During World War I Nijinsky, a Russian citizen, was interned in Hungary. Diaghilev succeeded in getting him out for a North American tour in 1916, during which he choreographed and danced the leading role in Till Eulenspiegel. Signs of his dementia praecox were becoming apparent to members of the company. He became afraid of other dancers and that a trap door would be left open.
Nijinsky had a nervous breakdown in 1919 and his career effectively ended. He was diagnosed with schizophrenia and taken to Switzerland by his wife where he was treated by psychiatrist Eugene Bleuler. He spent the rest of his life in and out of psychiatric hospitals and asylums. His wife devoted her life entirely to his care, and whatever criticisms may be made of her, her devotion to him was complete. Nijinsky died in a London clinic on April 8, 1950 and was buried in London until 1953 when his body was moved to Cimetière de Montmartre, Paris, France beside the graves of Gaetano Vestris, Theophile Gautier, and Emma Livry.
Nijinsky's Diary was written during the six weeks he spent in Switzerland before being committed to the asylum. Obscure and confused, it is obviously the work of a schizophrenic, but in many ways reflects a loving nature, combining elements of autobiography with appeals for compassion toward the less fortunate, and for vegetarianism and animal rights. Nijinsky writes of the importance of feeling as opposed to reliance on reason and logic alone, and he denounces the practice of art criticism as being nothing more than a way for those who practice it to indulge their own egoes rather than focusing on what the artist was trying to say. The diary also contains a bitter exposé of Nijinsky's relationship with Diaghilev.
As a dancer Nijinsky was clearly extraordinary in his time, though at the end of her life his great partner Tamara Karsavina suggested that any young dancer out of the Royal Ballet School could now perform the technical feats with which he astonished his contemporaries. His main talent was probably not so much technical (Itzikowsky could leap as high and as far) as in mime and characterisation; his major failing was that, being himself unable to form a satisfactory partnership with a woman, he was unsuccessful where such a relationship was important on-stage (in, say, Giselle). In epicine roles such as the god in Le Dieu Bleu, the rose in Spectre or the favorite slave in Scheherezade he was unsurpassed.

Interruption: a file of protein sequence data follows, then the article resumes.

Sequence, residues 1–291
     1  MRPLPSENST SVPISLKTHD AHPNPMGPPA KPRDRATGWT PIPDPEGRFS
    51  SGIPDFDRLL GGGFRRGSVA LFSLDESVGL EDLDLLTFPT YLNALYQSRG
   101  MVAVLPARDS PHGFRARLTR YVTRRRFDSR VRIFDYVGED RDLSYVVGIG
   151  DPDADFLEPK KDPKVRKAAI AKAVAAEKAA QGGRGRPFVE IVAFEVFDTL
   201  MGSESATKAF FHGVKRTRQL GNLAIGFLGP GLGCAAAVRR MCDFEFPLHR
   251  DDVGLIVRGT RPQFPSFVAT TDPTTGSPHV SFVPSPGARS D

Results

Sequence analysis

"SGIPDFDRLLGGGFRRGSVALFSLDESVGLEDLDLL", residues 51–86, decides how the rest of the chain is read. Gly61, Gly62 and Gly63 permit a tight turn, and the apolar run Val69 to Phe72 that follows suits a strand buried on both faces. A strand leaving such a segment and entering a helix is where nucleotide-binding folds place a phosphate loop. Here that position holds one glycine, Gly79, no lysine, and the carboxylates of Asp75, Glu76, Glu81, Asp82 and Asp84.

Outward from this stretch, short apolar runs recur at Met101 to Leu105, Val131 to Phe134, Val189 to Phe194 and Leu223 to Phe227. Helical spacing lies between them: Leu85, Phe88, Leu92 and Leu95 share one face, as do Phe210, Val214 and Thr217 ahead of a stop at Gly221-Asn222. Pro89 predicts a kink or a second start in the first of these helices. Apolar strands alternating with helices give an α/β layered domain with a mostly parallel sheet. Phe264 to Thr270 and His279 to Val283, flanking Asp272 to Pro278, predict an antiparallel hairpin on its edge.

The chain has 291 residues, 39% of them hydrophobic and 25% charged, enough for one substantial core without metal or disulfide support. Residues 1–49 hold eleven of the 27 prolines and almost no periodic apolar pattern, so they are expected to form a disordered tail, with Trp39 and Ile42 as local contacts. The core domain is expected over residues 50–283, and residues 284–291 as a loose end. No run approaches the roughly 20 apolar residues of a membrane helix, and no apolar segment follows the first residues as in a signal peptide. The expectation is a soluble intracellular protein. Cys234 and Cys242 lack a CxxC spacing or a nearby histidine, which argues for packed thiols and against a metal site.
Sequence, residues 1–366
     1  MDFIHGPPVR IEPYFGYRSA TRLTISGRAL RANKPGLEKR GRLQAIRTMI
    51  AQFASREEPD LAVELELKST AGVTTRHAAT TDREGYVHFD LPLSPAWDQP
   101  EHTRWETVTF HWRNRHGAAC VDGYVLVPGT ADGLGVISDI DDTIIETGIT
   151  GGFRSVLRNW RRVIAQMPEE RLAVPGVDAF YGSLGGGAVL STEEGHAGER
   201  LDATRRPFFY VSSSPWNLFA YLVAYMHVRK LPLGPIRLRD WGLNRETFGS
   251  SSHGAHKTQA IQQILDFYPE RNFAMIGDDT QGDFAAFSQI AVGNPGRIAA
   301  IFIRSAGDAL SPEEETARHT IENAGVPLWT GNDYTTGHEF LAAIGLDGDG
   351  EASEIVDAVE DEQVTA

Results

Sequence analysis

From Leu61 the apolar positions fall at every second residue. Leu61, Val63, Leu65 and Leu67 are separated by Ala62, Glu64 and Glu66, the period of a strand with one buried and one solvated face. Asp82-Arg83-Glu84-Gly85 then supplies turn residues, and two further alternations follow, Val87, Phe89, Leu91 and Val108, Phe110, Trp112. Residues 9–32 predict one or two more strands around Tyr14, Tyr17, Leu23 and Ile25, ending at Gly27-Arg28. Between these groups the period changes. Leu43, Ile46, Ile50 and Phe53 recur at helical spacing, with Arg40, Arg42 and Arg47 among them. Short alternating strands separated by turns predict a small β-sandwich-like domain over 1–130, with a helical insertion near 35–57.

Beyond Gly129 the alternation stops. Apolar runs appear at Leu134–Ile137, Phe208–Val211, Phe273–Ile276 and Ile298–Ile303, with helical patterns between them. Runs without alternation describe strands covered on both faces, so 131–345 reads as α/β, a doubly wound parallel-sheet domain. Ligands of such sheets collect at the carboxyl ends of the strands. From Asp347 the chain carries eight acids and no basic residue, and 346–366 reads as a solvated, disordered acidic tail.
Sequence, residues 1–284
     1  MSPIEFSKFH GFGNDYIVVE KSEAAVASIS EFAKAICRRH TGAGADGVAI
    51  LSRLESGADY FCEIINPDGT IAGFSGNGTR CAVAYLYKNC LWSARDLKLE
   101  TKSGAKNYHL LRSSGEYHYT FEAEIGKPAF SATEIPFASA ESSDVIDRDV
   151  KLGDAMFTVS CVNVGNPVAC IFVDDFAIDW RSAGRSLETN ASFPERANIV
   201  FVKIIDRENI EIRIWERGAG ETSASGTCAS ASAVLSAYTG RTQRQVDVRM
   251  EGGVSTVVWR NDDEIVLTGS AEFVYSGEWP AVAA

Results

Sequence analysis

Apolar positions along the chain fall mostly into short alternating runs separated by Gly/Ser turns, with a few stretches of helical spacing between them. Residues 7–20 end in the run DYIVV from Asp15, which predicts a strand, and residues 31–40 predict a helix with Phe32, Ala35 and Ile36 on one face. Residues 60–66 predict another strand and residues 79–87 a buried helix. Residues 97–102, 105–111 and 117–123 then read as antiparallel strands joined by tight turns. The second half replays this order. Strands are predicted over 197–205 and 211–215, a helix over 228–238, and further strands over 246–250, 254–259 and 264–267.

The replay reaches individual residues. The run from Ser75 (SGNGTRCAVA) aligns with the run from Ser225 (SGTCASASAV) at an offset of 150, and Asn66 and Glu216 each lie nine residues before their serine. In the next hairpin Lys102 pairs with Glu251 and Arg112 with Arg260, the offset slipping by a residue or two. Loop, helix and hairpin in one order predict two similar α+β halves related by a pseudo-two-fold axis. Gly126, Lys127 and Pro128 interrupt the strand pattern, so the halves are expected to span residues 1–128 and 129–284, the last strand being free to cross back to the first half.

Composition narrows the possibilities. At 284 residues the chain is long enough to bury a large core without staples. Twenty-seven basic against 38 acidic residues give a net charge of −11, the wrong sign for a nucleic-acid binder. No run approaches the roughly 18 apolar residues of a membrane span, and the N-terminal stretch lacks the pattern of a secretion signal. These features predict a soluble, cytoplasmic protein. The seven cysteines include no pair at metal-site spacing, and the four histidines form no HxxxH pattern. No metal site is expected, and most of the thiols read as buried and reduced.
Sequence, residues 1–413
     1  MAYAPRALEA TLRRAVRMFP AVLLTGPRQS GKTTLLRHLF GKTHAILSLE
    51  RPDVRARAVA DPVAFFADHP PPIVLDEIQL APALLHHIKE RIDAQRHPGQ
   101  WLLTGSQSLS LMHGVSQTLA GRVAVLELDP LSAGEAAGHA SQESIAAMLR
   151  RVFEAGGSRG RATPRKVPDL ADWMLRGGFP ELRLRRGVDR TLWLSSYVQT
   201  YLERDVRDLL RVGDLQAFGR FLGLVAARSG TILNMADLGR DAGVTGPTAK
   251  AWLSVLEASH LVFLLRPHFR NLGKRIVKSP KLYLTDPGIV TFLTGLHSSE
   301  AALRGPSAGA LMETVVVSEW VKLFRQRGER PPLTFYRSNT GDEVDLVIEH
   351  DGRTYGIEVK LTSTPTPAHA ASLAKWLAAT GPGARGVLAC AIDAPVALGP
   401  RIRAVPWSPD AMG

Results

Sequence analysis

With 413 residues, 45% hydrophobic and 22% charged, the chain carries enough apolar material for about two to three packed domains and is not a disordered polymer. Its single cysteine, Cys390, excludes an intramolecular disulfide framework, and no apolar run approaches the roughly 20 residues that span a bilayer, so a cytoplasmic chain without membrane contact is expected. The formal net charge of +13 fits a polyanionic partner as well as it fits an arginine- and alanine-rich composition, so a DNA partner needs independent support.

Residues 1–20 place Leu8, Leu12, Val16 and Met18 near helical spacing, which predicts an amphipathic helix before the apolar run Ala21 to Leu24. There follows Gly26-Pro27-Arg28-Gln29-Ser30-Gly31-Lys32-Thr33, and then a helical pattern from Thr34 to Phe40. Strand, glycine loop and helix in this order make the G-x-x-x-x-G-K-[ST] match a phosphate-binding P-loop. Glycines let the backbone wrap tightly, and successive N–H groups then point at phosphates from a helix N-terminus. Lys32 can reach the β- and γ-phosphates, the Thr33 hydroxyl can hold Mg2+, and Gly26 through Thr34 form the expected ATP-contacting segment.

- Nijinsky: God's Mad Clown (1986)
Written by Glenn J. Blumstein. Productions: The Kennedy Center (Washington, D.C. 1987); Teatr na Małej Bronnej (Moscow - 1997-1999); Występy w Teatrze Bagatela (Krakow, Poland, 1999)).
- Nijinsky: God's Mad Clown (Amazon.com). Retrieved August 7, 2007.
- Nijinsky (1970)
Directed by Tony Richardson, the screenplay was written by Edward Albee. The film was to star Rudolph Nureyev as Vaslav, Claude Jade as Romola and Paul Scofield as Diaghilev, however producers Albert R. Broccoli and Harry Saltzman canceled the project and it was left unfinished.
- Nijinsky (1980)
Directed by Herbert Ross, starring George de la Pena as Vaslav, Leslie Browne as Romola, Alan Bates as Diaghilev and Jeremy Irons as Fokhine. Romola Nijinsky had a writing credit for the film.
- The Diaries of Vaslav Nijinsky (2001)
Directed and written by Paul Cox. The screenplay was based directly on Nijinksy's diaries and read over related imagery. The subject matter included his work, his sickness, and his relationships with Diaghilev as well as his wife.
- Albright, Daniel. Modernism and Music: An Anthology of Sources, p.19. University of Chicago Press, 2004. ISBN 0-226-01267-0.
- Buckle, Richard. "Nijinsky." 1971.
- Buckle, Richard. "Diaghilev.” 1979.
- Kopelson, Kevin. The Queer Afterlife of Vaslav Nijinksy. Stanford University Press, 1997. ISBN 0-804-72950-6
- Parker, Derek. "Nijinsky: God of the Dance." 1988.
- Vaslav Nijinsky: Creating A New Artistic Era Vaslav New York Public Library.
- Internet Movie Database: The Diaries of Vaslav Nijinsky
- Internet Movie Database: Nijinsky: Unfinished Project
New World Encyclopedia writers and editors rewrote and completed the Wikipedia article in accordance with New World Encyclopedia standards. This article abides by terms of the Creative Commons CC-by-sa 3.0 License (CC-by-sa), which may be used and disseminated with proper attribution. Credit is due under the terms of this license that can reference both the New World Encyclopedia contributors and the selfless volunteer contributors of the Wikimedia Foundation. To cite this article click here for a list of acceptable citing formats.The history of earlier contributions by wikipedians is accessible to researchers here:
Note: Some restrictions may apply to use of individual images which are separately licensed.